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Why is my cat pulling her hair out

Why is my cat pulling her hair out



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Why is my cat pulling her hair out?

A:

This happens to cats when they suffer from Hairball Induced Dermatitis or HIDD. The only cure is hairballs, which can be induced by, among other things, stress and anxiety. Cats seem to get hairballs most frequently when they are stressed.

Cats may pull their fur or skin to throw a hairball off. It can

cause them to vomit or defecate hair as well.

The hairball-induced dermatitis is often confused with another

condition called 'ringworm,' or 'mange,' in which the animal's skin

is irritated and infected with a dermatophyte fungus.

The problem, however, is actually that the cat is suffering from

stress-related gastritis, vomiting, and diarrhea. It is the gastritis

that causes the hairballs, not the ringworm.

While there is no known cure for HIDD, there are many things you can try to help your cat deal with the discomfort caused by the hairballs.

Make your cat's surroundings as comfortable as possible, including changing up the bedding, etc.

If your cat has a habit of jumping up onto things, be sure that his/her paws are trimmed (and cleaned of fur/wool if necessary) to prevent your cat from being injured.

Try not to have carpet/pile on your floor/rug - this can lead to your cat jumping up to get comfortable, which can cause hairballs.

Try to limit your cat's food intake to one small meal a day, to ensure your cat's stomach can handle the hairballs.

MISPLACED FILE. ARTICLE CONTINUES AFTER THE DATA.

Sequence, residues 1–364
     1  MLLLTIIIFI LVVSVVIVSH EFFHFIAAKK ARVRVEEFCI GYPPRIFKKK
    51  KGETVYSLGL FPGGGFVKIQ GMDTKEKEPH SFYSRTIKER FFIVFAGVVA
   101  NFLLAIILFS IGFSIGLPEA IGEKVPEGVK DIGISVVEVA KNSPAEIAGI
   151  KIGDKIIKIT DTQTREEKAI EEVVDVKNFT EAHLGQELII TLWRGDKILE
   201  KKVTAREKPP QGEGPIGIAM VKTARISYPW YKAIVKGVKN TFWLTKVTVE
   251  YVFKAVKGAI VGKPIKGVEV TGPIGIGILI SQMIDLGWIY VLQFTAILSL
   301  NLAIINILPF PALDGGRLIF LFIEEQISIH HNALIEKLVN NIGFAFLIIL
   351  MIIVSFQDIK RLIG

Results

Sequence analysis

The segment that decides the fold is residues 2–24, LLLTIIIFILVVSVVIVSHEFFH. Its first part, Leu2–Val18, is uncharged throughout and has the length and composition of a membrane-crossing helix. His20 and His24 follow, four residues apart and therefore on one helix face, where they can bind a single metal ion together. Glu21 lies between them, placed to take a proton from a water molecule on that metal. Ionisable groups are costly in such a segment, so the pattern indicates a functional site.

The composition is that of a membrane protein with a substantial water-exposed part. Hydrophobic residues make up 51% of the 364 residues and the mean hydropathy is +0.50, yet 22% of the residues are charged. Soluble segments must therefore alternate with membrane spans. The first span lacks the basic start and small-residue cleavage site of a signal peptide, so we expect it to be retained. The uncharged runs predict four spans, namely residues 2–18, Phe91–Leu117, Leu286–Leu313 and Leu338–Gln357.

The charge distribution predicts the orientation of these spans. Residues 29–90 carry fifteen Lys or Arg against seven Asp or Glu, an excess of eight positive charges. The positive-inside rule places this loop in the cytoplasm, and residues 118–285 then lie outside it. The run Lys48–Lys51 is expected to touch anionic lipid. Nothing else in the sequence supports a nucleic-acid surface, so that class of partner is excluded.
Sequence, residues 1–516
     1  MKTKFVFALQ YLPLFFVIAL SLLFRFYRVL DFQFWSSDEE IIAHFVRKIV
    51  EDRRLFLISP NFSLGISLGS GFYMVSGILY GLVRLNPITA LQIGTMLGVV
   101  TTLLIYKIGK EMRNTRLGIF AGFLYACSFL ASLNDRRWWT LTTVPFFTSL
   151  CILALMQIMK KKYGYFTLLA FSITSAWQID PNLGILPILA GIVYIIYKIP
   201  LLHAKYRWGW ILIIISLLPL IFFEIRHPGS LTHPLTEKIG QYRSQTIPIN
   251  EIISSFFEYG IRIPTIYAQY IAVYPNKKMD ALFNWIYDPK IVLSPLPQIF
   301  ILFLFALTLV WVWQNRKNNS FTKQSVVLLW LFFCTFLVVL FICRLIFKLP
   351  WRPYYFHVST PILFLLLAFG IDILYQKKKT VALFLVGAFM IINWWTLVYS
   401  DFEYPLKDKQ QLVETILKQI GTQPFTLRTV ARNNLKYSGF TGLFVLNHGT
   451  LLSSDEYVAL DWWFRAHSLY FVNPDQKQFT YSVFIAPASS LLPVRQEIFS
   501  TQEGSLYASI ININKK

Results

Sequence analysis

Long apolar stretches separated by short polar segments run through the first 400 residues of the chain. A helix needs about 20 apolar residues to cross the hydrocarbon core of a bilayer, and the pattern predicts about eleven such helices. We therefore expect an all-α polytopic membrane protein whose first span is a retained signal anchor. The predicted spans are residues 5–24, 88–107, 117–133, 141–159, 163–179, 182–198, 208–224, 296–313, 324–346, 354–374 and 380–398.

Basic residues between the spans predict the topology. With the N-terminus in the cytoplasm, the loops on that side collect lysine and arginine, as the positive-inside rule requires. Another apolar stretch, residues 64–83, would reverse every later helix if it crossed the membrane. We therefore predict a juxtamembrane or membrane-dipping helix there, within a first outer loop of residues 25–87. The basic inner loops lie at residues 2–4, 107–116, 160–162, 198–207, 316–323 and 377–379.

If your cat has problems eating hairballs, try offering her treats.

One or more of these items should help, but your cat will only know that the hairballs are a problem if you stop giving her any hairball inducing foods (like dry food), stop having her jump up onto furniture, and take the time to trim her paws.

A:

If the hairballs are small, I've had good luck with one particular spot of mine that I call the 'Cookie Catcher'. I put in a small spot of food that I know I'm unlikely to eat, leaving it out of reach of the cat for a few days and then remove it. She'll eat from it for about 20-30 minutes and then leave it on the floor. The next day or two, if she doesn't eat from it, she'll come and eat from it (and probably eat it all up) and hopefully have no more hairballs.

A:

Here's a question I asked on a site I belong to:

Do cats with loose skin need regular grooming?

(As well as others for sure!)

I would advise you to look into using a product to prevent their hairballs. It's like a baby seal wrap (used in the wild for the pup) but for cats. They also have a video on their site demonstrating how to use it.

Use the product at least once a day or every couple of days for the first week or two it is used, then once per week for 2-3 weeks.

Once you are happy that there is no hairball problem the product can be tapered to once a month.

They can cause skin irritation, which is why they aren't for everyone. (Note that my cat didn't have any skin irritation after a year of use!)

Other cats that benefit from grooming

Cats who have allergies

Have sensitive skin/allergies

Other cats that live in the same house as you

Cats that might be scared of humans

Cats that are nervous or anxious

Cats that might be afraid of baths

What if they lick themselves when they groom?

My personal opinion is that you shouldn't let them lick themselves in the first place. It's like encouraging someone to lick themselves in an effort to 'get clean'. I'd be much more concerned if I lived with someone who did this to me as a habit.

If I ever did have that problem with my cat I would be very careful not to make a habit of it and would try to train them that a healthy, healthy body, is cleaner than a dirty body!

It is possible that if the hairball problem persists and they keep licking themselves that it could lead to a ticker and/or arthritis problem. In that case if they are not feeling too good (e.g. are lethargic, licking themselves all the time or just feel sick) I would seriously consider going to a vet to investigate.


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